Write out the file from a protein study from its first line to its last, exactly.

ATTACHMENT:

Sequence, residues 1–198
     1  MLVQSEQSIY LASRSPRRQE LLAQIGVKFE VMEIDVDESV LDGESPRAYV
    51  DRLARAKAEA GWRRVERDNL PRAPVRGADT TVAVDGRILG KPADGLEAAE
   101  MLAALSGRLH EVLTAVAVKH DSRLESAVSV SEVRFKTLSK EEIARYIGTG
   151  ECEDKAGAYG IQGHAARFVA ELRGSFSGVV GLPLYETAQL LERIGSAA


Sequence, residues 1–198
     1  MLVQSEQSIY LASRSPRRQE LLAQIGVKFE VMEIDVDESV LDGESPRAYV
    51  DRLARAKAEA GWRRVERDNL PRAPVRGADT TVAVDGRILG KPADGLEAAE
   101  MLAALSGRLH EVLTAVAVKH DSRLESAVSV SEVRFKTLSK EEIARYIGTG
   151  ECEDKAGAYG IQGHAARFVA ELRGSFSGVV GLPLYETAQL LERIGSAA